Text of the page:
The Opening Day roster is set, and while there are no particular surprises if you’ve been keeping tabs the last week or so, there are certainly some names on the 25 who, six weeks ago, would have seemed like longshots at best.

The roster:

Pitchers (12): Joaquin Benoit, Bruce Chen, Scott Feldman, Kameron Loe, Brandon McCarthy, Ron Mahay, Kevin Millwood, Akinori Otsuka, Vicente Padilla, Robinson Tejeda, C.J. Wilson, Mike Wood

Catchers (2): Gerald Laird, Chris Stewart

Infielders (5): Hank Blalock, Matt Kata, Ian Kinsler, Mark Teixeira, Michael Young

Outfielders (6): Frank Catalanotto, Nelson Cruz, Jerry Hairston Jr., Kenny Lofton, Sammy Sosa, Brad Wilkerson

Five members of the squad (Chen, Wood, Kata, Hairston, and Sosa) were non-roster invites, and in order to make room on the 40-man roster for them, the club designated righthander Ezequiel Astacio, catcher Guillermo Quiroz, and outfielder Marlon Byrd for assignment. Texas has 10 days to trade them, try to get them through waivers (though Quiroz and Byrd have been outrighted before so they can become free agents even if they clear waivers), or release them. Baltimore is among the teams rumored to have interest in Byrd, but don’t expect the Orioles, who will have high waiver priority, to offer much in trade for the 29-year-old unless they get nervous that another club is zeroing in on a deal.

Texas optioned Ojeda to Oklahoma, and made official a few moves that had been determined earlier: placing Gagne on the 15-day disabled list (retroactive to March 28) and outrighting righthander Francisco Cruceta to the RedHawks and infielder Adam Fox to Frisco after getting those two through waivers.

Righthander Jamey Wright will remain off the roster until April 10, when he is slated to start in Tampa Bay, and Gagne is expected to be activated April 13 for the club’s series in Seattle. At that time, two pitchers will be trimmed from the active roster but at least one of them will have to be removed from the 40-man roster as well, and if Chen is dropped, it will be relatively expensive: the lefthander’s non-roster deal called for a $1.1 million salary if he made the club, and if he is released even just a week into the season, the Rangers would owe him 45 days’ worth of his salary, or about $275,000.

Interestingly, Chen has reportedly agreed to accept an outright assignment to Oklahoma if he is exposed to waivers and clears.

Kata’s versatility and his big camp offensively (plus Hairston’s solid showing in center field) enabled him to beat Byrd out for the final bench spot. Stewart, a tremendous catch-and-throw type behind the plate who was acquired from the White Sox for righthander Johnny Lujan in January, earned praise for his game-calling ability and handling of pitchers. The 24-year-old spent September with Chicago, getting eight at-bats and throwing out two of three would-be basestealers (Cleveland’s Grady Sizemore both times) in what was his first big league start. Still looking for his first big league hit, he was productive in camp, hitting .450/.455/.550 in 20 trips.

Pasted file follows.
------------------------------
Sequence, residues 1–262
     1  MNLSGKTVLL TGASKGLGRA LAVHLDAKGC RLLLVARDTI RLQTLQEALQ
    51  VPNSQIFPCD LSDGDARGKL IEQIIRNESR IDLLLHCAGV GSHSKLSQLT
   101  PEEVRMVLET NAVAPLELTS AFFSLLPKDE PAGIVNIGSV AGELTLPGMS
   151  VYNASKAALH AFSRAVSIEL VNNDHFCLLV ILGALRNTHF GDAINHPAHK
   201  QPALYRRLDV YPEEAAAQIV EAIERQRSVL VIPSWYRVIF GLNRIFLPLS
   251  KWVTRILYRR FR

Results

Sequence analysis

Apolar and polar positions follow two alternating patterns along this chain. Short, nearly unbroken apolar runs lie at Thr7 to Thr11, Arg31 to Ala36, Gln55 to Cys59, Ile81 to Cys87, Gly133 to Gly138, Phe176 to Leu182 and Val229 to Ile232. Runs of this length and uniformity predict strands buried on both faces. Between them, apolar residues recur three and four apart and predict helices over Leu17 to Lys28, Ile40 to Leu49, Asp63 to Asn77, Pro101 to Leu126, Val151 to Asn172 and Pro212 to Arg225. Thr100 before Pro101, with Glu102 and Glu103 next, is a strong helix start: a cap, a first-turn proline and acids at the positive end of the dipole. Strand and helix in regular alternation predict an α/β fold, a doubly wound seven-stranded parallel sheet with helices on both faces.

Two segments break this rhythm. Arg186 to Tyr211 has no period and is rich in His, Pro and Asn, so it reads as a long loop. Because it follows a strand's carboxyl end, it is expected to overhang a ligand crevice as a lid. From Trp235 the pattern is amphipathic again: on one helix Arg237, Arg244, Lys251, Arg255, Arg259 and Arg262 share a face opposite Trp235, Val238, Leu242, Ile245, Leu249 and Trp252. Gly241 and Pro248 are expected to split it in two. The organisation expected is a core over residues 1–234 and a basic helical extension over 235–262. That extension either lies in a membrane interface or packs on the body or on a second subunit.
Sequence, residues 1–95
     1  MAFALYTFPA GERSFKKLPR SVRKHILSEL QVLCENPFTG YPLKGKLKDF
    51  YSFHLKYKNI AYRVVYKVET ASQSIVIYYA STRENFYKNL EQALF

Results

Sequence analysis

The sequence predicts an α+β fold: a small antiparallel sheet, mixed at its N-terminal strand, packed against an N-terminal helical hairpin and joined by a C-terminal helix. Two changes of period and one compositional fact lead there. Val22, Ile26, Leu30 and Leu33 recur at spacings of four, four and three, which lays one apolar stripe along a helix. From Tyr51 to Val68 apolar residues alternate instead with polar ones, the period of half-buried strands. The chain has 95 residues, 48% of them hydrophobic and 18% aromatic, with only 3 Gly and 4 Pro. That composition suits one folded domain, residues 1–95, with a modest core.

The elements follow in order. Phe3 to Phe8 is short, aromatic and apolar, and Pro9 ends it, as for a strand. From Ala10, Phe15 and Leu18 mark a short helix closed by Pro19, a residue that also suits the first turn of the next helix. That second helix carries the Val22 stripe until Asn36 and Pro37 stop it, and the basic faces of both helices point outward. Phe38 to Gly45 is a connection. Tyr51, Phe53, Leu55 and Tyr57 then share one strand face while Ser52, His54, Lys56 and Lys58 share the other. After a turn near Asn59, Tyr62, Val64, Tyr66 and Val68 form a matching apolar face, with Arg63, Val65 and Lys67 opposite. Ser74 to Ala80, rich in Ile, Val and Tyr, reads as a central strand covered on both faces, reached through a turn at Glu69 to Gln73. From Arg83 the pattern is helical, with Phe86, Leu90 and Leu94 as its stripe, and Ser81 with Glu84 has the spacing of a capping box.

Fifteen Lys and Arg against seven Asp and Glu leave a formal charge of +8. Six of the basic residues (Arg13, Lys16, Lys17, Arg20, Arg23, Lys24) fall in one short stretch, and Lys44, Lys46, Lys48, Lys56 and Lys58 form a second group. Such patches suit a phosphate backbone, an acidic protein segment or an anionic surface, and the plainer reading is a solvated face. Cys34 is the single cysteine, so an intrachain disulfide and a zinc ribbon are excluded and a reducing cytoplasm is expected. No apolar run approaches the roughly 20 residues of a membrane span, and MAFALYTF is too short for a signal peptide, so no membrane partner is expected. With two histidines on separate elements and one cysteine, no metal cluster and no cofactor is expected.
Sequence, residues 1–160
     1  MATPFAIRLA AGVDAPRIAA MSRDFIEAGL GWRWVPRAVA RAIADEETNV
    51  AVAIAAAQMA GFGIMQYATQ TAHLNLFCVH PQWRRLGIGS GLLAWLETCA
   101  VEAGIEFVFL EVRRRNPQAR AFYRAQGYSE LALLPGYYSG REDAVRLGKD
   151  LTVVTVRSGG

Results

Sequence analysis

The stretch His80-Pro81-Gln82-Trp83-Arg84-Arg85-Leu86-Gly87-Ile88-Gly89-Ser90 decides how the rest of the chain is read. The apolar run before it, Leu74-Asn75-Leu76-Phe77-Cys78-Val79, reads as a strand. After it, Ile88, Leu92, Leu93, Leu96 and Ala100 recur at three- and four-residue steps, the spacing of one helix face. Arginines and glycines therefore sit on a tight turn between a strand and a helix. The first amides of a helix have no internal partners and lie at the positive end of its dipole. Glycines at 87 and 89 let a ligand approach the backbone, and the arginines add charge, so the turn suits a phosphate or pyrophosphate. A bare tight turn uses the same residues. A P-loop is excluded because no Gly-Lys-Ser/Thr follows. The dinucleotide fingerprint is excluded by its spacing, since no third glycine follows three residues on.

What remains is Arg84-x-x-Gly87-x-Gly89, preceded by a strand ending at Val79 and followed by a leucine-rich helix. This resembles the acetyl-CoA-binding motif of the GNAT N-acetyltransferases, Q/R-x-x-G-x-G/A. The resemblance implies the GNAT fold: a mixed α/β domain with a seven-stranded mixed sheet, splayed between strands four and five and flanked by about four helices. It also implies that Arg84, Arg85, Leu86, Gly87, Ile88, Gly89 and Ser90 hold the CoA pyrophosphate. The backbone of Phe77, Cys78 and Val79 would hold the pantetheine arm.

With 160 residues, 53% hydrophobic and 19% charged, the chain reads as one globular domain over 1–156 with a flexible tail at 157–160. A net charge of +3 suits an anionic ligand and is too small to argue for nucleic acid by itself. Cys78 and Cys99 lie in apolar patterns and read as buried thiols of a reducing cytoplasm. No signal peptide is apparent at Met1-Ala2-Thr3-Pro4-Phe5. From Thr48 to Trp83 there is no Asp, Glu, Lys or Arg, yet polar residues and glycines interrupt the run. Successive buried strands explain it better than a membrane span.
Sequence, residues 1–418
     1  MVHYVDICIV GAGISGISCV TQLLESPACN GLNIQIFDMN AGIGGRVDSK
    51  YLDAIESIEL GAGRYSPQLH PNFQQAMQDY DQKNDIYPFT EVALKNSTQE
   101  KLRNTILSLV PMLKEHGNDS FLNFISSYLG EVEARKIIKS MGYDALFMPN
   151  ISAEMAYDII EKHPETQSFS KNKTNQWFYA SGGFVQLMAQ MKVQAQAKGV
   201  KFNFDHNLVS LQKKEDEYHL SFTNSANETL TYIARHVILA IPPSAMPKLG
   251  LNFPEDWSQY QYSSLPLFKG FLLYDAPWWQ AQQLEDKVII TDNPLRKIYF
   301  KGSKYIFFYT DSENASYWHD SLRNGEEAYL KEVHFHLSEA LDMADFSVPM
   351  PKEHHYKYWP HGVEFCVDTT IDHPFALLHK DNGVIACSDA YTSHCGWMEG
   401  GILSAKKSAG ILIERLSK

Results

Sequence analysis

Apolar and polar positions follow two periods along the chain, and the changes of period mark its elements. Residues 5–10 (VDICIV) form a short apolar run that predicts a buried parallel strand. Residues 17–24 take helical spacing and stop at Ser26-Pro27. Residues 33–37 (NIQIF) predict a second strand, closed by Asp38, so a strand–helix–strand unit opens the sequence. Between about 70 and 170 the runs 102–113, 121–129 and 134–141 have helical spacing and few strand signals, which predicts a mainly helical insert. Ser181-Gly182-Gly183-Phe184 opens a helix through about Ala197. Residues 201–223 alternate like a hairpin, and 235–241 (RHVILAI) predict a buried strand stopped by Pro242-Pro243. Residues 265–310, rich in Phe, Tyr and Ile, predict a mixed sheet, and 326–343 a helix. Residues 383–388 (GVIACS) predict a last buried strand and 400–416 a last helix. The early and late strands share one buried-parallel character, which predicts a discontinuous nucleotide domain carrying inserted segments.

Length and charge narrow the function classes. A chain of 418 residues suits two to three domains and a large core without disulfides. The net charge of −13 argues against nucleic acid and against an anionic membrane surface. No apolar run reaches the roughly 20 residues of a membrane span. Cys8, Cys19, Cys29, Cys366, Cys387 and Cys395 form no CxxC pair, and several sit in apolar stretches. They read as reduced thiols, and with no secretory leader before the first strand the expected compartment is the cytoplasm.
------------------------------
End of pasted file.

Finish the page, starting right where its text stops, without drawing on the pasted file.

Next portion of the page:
Wood was probably the biggest surprise on the staff, but the 26-year-old earned the spot with a sparkling camp, giving up two runs (1.29 ERA) on nine hits (.176/.208/.196) and two walks in 14 innings while fanning a dozen, and perhaps most importantly showing he could stretch out to two or three innings consistently. He’s certainly a candidate to be dropped when Wright and Gagne join the staff, but not a lock.

Gagne threw 15 pitches in a minor league game yesterday.

Sosa hit .408/.444/.816 in camp and will hit fifth in the lineup. It will be fascinating to see whether this productivity, or a level close to it, will carry over.

My weekly column this year will change focus. Rather than zero in on the explanation of a procedural rule as we did last year, this season’s column will be a retrospective on Rangers trades from the past. Each week I’ll focus on a notable deal from the franchise’s history that took place the same week on the calendar, a “This Week in Rangers Trade History” type of thing.

The title will be “Swapping Stories,” with a subtitle such as “The Sosa Trade of 1989,” depending on what that week’s trade subject is. Look for it on Thursdays each week of the season, beginning this week, at

Scott Lucas has posted all Rangers minor league schedules on his blog page.

The Mets optioned righthander Chan Ho Park to AAA, but want to trade him (Seattle?). Baltimore released righthanders Rob Bell and Jon Leicester and outfielder Jason Dubois. The Dodgers released righthander Agustin Montero and signed lefthander Matt Riley and shortstop Juan Gonzalez. Boston released righthander Chris Jaile. San Diego released lefthander Erick Burke. Minnesota released catcher Brad King.

Oakland traded catcher John Baker to Florida for Coppell-raised first baseman Jason Stokes.

The Coastal Bend Aviators of the independent American Association signed lefthander Derrick Van Dusen.

Joe Sheehan of Baseball Prospectus has authorized me to distribute the “How the Rangers Can Win the World Series” article that I wrote for BP and that was published Thursday for BP subscribers. I will send that out to the mailing list later today.

And this is not an April Fool’s joke: Joe calls Texas the number four team in baseball in 2007 and predicts an 89-win division title.

Is he crazy? Only one way to find out. Do the same thing that most of the Rangers’ opening 25 will do tonight — grab a couch for Glavine-Carpenter, and gear up mentally for tomorrow.

You can read more from Jamey Newberg at

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